University of Texas
Elizabeth Earle “Betsy” Rawls
May 4, 1928–

 

 

Elizabeth Earle “Betsy” Rawls

Elizabeth Earle “Betsy” Rawls

 

Acknowledgement: Thanks to Betsy Rawls for some of her recollections about her UT years and career.

Elizabeth Earle “Betsy” Rawls was born in Spartanburg, South Carolina on May 4, 1928 to Robert Miller and Mary Earle Rawls. Robert, born in Indiana, owned a fruit grove, however by 1940 he was the superintendent of a CCC camp in Burnet, Texas. Betsy had an older brother, Robert Miller Rawls Jr (1926–1992). During the war, the family moved to Arlington, Texas where Robert worked as an engineer in the aircraft manufacturing industry.

Betsy attended Lovelady High School in Lovelady, Texas. Betsy enrolled in North Texas Agricultural College in Arlington, Texas in 1946 as a physics major, and though a freshman, she was recognized in the yearbook for her athletic ability and her academic achievements. The following entry from the yearbook was a result of her selection by faculty members and department heads for the title “Who’s Who” in Physics. She was also selected for Phi Kappa Theta, an honor society which required a minimum of 15 hours each semester and a grade average above 89%.


In 1947, Betsy enrolled in the University of Texas at Austin as a physics student and graduated in 1950. She had started o play golf at the age of 17. She won the Texas Amateur in 1949 and 1950. She also won the 1949 Trans-National and the 1950 Broadmoor Invitational. In 1950, she finished second at the U. S. Women’s Open as an amateur. Despite practicing every day, Betsy said she somehow found time to get her homework done and complete her laboratory assignments. Her love and talent for golf led her to pursue golf over physics.

Following graduation, Betsy was invited by Wilson Sporting Company to represent their golfing program. Rawls turned professional in 1951 and joined the LPGA Tour. She won her first tournament that year at the Sacramento Women’s Invitational Open. She would go on to win a total of 55 events on the LPGA Tour, including eight major championships. In 1959, she earned the LPGA Vare Trophy for lowest scoring average. She was the tour's leading money winner in 1952 and 1959 and finished in the top ten on the money list a total of nine times. She led the tour in wins three times, 1952 with eight, 1957 with five (tied with Patty Berg), and 1959 with ten. When not playing Rawls toured the country by car with Patty Berg, conducting up to 120 golf clinics a year for Wilson Sporting.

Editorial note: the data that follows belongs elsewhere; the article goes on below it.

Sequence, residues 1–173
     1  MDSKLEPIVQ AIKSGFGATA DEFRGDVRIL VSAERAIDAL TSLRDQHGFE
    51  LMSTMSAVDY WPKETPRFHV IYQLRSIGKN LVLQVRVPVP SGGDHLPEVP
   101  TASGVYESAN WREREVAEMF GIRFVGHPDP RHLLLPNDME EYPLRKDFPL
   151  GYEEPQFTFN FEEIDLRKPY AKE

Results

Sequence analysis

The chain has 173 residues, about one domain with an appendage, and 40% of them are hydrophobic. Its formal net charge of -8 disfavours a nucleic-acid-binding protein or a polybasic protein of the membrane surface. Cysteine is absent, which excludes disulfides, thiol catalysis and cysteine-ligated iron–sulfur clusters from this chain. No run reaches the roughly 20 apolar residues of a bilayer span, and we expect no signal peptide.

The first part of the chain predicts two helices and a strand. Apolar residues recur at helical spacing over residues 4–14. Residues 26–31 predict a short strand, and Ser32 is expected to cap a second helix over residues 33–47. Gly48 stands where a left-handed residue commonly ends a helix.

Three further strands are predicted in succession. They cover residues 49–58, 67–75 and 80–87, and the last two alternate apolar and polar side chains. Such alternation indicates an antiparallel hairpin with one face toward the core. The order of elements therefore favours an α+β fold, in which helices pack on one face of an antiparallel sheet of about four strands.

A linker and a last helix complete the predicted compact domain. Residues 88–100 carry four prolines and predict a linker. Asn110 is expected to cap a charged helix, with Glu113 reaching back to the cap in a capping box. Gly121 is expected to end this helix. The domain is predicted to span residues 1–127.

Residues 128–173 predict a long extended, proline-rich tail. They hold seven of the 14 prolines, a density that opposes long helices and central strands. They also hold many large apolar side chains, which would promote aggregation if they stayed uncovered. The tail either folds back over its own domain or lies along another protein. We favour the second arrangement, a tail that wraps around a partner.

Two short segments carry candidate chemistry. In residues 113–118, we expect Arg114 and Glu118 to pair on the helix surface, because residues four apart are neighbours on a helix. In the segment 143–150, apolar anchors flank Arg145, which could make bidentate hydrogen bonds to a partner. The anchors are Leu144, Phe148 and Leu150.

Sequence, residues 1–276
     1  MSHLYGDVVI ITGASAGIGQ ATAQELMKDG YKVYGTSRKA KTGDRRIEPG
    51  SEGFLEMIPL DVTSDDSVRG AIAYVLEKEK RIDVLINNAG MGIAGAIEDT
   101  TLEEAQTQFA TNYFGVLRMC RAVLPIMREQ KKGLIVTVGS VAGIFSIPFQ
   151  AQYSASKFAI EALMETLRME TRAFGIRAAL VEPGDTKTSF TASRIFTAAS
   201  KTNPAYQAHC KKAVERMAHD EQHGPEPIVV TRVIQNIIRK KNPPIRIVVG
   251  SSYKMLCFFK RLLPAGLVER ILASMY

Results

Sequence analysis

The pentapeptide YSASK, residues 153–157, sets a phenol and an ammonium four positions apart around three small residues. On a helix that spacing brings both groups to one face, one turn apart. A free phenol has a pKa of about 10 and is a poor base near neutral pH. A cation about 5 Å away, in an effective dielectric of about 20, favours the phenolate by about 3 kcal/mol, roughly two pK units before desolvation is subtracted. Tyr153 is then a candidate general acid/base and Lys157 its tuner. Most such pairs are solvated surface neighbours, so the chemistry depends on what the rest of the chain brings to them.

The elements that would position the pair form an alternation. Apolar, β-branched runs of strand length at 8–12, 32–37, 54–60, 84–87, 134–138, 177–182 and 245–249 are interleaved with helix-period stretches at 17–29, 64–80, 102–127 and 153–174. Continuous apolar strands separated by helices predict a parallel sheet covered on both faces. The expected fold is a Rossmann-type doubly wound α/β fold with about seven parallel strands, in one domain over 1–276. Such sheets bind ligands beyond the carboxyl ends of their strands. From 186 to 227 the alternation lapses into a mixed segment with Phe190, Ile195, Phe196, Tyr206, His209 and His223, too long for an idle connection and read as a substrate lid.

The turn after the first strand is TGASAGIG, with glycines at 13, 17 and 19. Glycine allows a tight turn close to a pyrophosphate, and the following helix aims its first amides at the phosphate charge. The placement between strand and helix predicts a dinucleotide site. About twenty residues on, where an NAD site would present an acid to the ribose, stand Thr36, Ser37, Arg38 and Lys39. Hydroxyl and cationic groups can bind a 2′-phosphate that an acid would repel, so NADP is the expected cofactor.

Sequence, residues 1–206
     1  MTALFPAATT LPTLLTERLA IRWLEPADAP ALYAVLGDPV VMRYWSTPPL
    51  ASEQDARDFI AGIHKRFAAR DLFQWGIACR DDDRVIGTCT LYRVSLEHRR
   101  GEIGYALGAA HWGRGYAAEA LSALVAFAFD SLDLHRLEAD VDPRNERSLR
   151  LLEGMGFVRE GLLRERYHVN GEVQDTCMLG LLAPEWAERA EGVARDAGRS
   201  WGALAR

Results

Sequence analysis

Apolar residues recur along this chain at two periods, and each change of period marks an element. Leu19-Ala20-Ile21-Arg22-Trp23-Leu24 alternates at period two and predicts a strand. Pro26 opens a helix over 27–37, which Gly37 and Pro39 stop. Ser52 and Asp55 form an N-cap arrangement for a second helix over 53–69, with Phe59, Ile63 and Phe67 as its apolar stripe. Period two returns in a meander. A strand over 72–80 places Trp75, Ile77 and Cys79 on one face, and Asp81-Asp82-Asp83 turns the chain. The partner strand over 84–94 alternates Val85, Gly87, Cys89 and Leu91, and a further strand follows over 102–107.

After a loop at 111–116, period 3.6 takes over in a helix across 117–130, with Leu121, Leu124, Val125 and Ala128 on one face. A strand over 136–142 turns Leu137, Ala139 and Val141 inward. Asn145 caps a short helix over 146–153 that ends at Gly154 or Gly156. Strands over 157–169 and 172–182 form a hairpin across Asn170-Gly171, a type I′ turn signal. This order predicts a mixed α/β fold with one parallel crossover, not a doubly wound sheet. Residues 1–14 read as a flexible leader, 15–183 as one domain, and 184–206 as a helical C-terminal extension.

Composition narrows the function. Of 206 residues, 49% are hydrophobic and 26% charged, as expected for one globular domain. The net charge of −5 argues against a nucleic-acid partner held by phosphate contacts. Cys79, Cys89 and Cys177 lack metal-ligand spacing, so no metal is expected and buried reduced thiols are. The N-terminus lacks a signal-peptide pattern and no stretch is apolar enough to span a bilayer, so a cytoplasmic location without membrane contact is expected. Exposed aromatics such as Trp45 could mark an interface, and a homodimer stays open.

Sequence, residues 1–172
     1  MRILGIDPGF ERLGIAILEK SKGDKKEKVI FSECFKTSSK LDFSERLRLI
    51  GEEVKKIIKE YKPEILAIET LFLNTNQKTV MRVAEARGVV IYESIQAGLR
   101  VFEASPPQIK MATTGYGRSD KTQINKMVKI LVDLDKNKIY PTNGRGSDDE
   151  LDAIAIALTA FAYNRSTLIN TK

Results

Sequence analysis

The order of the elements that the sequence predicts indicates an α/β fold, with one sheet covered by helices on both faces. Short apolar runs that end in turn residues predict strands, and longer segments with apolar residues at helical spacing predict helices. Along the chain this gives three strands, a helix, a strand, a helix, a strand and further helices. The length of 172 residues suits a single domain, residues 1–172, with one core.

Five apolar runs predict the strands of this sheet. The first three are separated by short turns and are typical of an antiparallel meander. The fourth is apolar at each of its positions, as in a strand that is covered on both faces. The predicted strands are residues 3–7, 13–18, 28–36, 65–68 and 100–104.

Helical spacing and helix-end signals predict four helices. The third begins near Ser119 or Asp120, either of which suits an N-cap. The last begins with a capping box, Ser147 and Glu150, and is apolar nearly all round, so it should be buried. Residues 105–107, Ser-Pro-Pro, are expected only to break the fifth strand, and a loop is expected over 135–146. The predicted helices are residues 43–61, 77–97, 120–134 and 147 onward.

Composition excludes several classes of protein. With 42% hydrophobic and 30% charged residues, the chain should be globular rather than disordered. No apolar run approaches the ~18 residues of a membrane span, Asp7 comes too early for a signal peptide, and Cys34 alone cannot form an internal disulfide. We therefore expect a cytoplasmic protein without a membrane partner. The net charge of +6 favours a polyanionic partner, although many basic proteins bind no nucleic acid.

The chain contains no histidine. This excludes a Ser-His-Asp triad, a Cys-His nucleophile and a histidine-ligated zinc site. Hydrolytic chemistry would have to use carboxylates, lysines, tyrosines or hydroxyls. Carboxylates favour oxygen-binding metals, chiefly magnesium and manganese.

Rawls was the LPGA's president from 1961 to 1962. In 1967, when the LPGA Tour Hall of Fame was created, she was one of the six inaugural inductees. The LPGA recognized her induction year into the Hall of Fame of Women’s Golf, 1960, as her official induction year into the LPGA Tour Hall of Fame and the World Golf Hall of Fame. Following her retirement from tournament play in 1975, she became a tournament director for the LPGA Tour. In 1996, she was voted the Bob Jones Award, the highest honor given by the United States Golf Association in recognition of distinguished sportsmanship in golf. She was inducted into the Hall of Fame of Delaware Women in 2006.

The Betsy Rawls Longhorn Invitational is an NCAA golf tournament played in Austin, Texas, every year and hosted by the University of Texas women's golf team.

 

 

 

Elizabeth Earle "Betsy" Rawls Photo and Document Album

Betsy Rawls, 4th from right, back row, University of Texas yearbook, Cactus, 1949. Softball
Betsy Rawls, on left, University of Texas yearbook, Cactus, 1949. Intramural Golf
Betsy Rawls, front row, on left, University of Texas yearbook, Cactus , 1949. Tee Club
Betsy Rawls, University of Texas yearbook, Cactus, 1950. Senior Year.
Betsy Rawls, North Texas Agricultural College in Arlington, Texas yearbook, The Junior Aggie in 1946

Betsy Rawls, North Texas Agricultural College in Arlington, Texas yearbook, The Junior Aggie in 1946,
This was a two-year college and thus she would graduate in 1947.

Betsy Rawls, North Texas Agricultural College in Arlington, Texas yearbook, The Junior Aggie in 1946,
Second from left on bottom row.

Betsy Rawls, North Texas Agricultural College in Arlington, Texas yearbook, The Junior Aggie in 1946,

Betsy Rawls, North Texas Agricultural College in Arlington, Texas yearbook, The Junior Aggie in 1946,

Betsy Rawls, North Texas Agricultural College in Arlington, Texas yearbook, The Junior Aggie in 1946,

Betsy Rawls, North Texas Agricultural College in Arlington, Texas yearbook, The Junior Aggie in 1946,
This was a two-year college and thus she would graduate in 1947.

Betsy Rawls, 1952 article in The American American Statesman

 

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